Generations of Sewanee forestry, geology, and natural resources students have regarded Snowden Hall as a “home” on campus, a comfortable place for studying, lab work, and gathering with friends as well as for classroom learning. After almost fifty years of service, Snowden has been beautifully renovated and expanded to meet the needs of current and future professors and their classes—in a most appropriate and environmentally-friendly way.
The building has more than doubled in size, and features new labs, classrooms, resource rooms, research space, and faculty offices. Snowden faculty members were actively involved in designing the building’s new footprint and interior spaces, and collaborated with the architects to achieve a state of the art science facility with the warmth and character of the original Snowden.
Expected to be the university’s first LEED Gold building, Snowden’s green features include solar panels (the first large-scale installation on campus), re-use of the building’s existing wood paneling, local wood and stone used for the addition, energy-efficient windows, recycled materials, and Sewanee’s first stormwater management practices.
The renovation strengthens the base of technical support—classroom and lab work and analysis—that Snowden provides for the research and teaching done in the field using the resources of the Domain. The new wing makes evident Sewanee’s increased emphasis on student-faculty research, with triple the space for student independent study or collaborative research. Faculty research space is attached to each office, making what has been a luxury—space for joint project work, internships, and independent study—a standard feature.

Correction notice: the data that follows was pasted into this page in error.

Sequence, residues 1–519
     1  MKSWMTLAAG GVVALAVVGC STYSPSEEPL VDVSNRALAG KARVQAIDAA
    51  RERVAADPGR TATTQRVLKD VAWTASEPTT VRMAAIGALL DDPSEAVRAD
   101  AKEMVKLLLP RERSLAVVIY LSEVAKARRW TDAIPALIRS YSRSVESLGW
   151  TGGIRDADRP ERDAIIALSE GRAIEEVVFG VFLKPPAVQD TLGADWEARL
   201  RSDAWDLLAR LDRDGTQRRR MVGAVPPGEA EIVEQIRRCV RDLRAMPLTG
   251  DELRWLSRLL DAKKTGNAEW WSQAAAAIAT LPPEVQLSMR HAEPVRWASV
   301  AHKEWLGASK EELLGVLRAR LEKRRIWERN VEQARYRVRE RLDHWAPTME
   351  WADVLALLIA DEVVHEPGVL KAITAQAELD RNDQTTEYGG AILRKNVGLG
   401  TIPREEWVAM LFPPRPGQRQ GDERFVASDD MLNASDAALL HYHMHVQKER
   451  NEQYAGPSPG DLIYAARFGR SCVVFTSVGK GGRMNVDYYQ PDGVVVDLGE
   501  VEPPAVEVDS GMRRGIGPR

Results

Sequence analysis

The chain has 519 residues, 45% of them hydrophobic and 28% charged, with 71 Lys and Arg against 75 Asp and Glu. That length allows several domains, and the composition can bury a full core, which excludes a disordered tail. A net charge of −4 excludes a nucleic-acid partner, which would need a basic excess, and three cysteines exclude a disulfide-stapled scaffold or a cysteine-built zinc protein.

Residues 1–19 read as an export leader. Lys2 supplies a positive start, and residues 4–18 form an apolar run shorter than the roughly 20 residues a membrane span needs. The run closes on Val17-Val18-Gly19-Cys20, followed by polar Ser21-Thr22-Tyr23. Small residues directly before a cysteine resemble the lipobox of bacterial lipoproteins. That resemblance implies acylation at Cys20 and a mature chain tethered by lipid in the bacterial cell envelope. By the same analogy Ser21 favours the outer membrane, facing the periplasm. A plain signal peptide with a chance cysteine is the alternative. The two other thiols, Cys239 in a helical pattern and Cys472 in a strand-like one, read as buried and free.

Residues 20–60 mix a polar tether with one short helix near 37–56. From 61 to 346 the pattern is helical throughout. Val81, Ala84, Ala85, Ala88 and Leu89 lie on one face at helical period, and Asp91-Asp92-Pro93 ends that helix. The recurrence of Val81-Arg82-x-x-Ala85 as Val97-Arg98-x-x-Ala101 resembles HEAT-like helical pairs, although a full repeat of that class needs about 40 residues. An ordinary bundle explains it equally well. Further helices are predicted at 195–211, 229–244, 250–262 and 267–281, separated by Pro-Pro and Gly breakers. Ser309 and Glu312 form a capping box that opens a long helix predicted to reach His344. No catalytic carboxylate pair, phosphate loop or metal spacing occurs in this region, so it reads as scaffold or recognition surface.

The Snowden family has sustained Sewanee for generations. Snowden Hall was named in tribute to J. Bayard Snowden of Memphis, a Sewanee alumnus from the class of 1903 who established the university’s forestry department when he endowed the Annie B. Snowden Chair of Forestry in memory of his mother in 1928. A gift from Bayard’s son Robert G. Snowden, of the class of 1940, launched the effort to expand and enhance Snowden Hall.